It was a whirlwind 2018. Irina and I are just now catching our breath and finding some time to update the lab website.
One awesome piece of news we forgot to publicize is that our latest paper came out in the August issue of Neurobiology of Learning and Memory (Patel et al., 2018). This paper continues our work of tracking the molecular fragments of a memory as it is forgotten. Specifically, we tracked 11 genes we suspected of being regulated *after* forgetting (Perez, Patel, Rivota, Calin-Jageman, & Calin-Jageman, 2017). Things didn’t work out quite as well as we had expected: of our 11 candidate genes 4 didn’t show much regulation, meaning that our previous results with these genes were probably over-estimating their importance (curse you, sampling error!). On the other hand, we replicated the results with the other genes and found that some of them are actually regulated for up to 2 weeks after the memory is induced, long after it seems forgotten.
Here are two key figures. The first is the memory curve for sensitization in our Aplysia -it shows that after memory induction there is strong sensitization recall that decays within a week back to baseline. Even though the memory seems gone, giving a reminder 2 weeks after learning rekindles a weak re-expression of the memory. That’s a classic “savings” effect.
The next figure traces the time-course of memory-induced gene expression (levels of mRNA) for 6 specific genes, measured in the pleural ganglia that contains neurons known to be important for storing sensitization memory. You can see that each of these transcripts is up- or down-regulated within 24 hours of learning, and that in each case this regulation lasts at least a week and sometimes out to 2 weeks. So, just as the behavioral level of the memory fades but isn’t really completely gone, the some of the transcriptional events that accompany learning also seem to persist for quite some time.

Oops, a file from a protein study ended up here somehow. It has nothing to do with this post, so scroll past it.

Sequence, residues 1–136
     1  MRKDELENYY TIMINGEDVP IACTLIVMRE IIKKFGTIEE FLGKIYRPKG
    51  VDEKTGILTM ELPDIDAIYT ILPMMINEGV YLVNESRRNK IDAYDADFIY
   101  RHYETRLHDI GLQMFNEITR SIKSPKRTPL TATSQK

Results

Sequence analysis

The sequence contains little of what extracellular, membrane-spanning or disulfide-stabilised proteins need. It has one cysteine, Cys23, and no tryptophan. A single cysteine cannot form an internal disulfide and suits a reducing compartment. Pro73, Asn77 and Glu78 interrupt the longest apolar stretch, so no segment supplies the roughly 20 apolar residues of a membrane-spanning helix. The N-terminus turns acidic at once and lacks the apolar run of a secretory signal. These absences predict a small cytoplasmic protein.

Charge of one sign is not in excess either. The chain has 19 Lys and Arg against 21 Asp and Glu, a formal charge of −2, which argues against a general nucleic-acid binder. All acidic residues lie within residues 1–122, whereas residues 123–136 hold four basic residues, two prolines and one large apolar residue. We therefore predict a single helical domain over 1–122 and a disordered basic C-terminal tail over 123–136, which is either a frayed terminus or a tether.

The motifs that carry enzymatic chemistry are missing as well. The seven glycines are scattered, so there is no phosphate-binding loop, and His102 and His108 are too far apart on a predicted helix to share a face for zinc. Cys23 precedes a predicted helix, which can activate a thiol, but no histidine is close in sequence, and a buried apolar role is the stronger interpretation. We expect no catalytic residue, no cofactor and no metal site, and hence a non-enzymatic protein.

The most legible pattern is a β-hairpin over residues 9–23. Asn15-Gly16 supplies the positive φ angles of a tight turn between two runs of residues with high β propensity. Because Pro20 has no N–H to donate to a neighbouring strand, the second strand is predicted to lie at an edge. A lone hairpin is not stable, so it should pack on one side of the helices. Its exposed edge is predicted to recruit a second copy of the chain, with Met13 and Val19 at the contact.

Why would this occur? Perhaps these transcripts are part of savings…maybe they set the stage for re-expressing the memory? Or maybe they are actually part of forgetting, working to remove the memory? Or maybe both? For example, one of the transcripts is encodes an inhibitory transmitter named FMRFamide. It is really up-regulated by learning, which would normally work against the expression of sensitization memory. So perhaps this helps suppress the memory (forgetting), but in a way that can be easily overcome with sufficient excitation (savings)… that’s an exciting maybe, and it’s the thing we’ll be working this summer to test.
As usual, we’re so proud that this paper was made possible through exceptional hard work from some outstanding DU student researchers: Ushma Patel, Leticia Perez, Steven Farrell, Derek Steck, Athira Jacob, Tania Rosiles, and Melissa Nguyen. Go slug squad!